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Jesus Christ WAS a great God in the past, but the news is: He has resigned.
Why? Has His hand become short? Are His feet locked? Has His supreme office closed? Has His compassion disappeared? Has His thorn-pierced heart stopped beating for His children? Do His innocent eyes no longer shed scalding tears? Has His Gospel become too small? “I am God, I change not” has now changed? It seems that a scintillating serpent has taken His place.
The great Master today says: Do not ask, it shall not be given, do not seek, it shall be found, do not knock, it shall not be open. Today we are civilized, and miracles, revivals, healings, and compassion are obsolete. Oblivion darkness replaced His tender mercies. He cannot work; He is busy in heaven.
Come, all you lost sheep. Come, sinners. Come, weary and afflicted. Leave behind your online gaming, clubs, casinos, feasts, and music awards because miracles have passed away, signs and wonders are ceased, the church is cold and dead, and Jesus has resigned from being a way maker, miracle worker, and light of the darkness. Come, sinner! Come!
Come My Little Rose is a 110.000-word commentary on the four Gospels aims to highlight the joy and goodness of our Lord in a modern era, just as it was in the early church. The Gospel of doom and gloom preached by some is too small, too short, and too light, as they pick and choose only the doctrine of sufferance and present a rollercoaster of sinner-saved, instead of letting people know that we are made new, remade, and recreated as children with all the gifts of the Holy Spirit. Through His healing, blessings, and deliverance, we can experience the fullness of our new life in Christ.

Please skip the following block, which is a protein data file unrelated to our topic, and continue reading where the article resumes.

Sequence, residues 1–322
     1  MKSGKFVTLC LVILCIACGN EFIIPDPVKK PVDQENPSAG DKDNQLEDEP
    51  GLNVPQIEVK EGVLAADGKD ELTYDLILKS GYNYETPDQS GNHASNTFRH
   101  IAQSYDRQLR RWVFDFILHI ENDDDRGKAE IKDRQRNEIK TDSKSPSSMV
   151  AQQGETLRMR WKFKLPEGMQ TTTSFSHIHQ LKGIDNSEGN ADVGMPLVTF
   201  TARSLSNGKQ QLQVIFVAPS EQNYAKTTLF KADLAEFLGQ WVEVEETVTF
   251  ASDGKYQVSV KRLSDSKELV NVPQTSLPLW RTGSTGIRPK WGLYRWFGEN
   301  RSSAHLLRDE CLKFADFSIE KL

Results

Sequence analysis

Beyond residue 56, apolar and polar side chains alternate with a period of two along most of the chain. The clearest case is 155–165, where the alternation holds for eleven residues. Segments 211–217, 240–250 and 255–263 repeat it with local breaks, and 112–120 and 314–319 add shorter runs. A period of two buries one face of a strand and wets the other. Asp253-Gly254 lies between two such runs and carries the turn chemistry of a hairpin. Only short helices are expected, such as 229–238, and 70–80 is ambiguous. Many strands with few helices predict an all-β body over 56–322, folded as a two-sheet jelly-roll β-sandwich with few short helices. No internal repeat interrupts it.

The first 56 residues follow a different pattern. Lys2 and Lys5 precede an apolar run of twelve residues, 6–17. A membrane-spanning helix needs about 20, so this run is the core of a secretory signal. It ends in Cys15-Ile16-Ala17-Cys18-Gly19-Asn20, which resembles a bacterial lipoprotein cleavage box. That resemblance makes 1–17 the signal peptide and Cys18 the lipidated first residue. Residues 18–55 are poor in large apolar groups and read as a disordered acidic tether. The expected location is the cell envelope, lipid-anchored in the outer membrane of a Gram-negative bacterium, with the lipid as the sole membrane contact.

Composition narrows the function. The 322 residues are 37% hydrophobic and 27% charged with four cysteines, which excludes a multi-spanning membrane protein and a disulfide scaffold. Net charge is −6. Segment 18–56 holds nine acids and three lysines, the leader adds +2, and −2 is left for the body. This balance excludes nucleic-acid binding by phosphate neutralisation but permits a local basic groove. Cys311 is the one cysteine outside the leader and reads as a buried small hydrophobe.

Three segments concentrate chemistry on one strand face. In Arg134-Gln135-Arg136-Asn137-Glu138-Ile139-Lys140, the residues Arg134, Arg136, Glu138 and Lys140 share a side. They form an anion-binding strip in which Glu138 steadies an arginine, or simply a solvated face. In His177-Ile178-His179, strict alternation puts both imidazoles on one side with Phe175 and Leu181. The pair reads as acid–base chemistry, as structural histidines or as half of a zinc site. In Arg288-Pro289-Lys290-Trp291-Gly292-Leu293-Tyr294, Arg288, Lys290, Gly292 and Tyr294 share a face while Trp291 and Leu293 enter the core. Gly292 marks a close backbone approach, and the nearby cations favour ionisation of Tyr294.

The gospel has been around for two thousand years, but the JOY aspect of it was always overlooked. We should produce JOY because the gospel is joy; it is God’s work in our lives. It gives purpose, lightens the spirit, and reveals what we can do for others. A gospel without the JOY factor is a small gospel. It is undervalued, therefore, demeans the sacrifice on the Cross. The gospel is the Good News to the poor, sick, and unloved.
While there is no shortage of commentaries on the Bible, many are either too theologically sophisticated or overly focused on doctrine. This book, however, is aimed at Christians who may have gone astray or those who are strangers to the gospel. It offers:
- A verse-by-verse interpretation of the gospel, highlighting the lost message of Christ.
- Simplicity, presented in a manner that is accessible to the average reader, with no added inventions or rejections, only the precious word of the Lord as it is.
- An exploration of why a Christian should be joyfully excited.
- A discussion on how modernity and Christianity can be intertwined while still maintaining a strong faith.
- Practical guidance on how to apply the teachings of the Bible to everyday life, with real-world examples and actionable steps.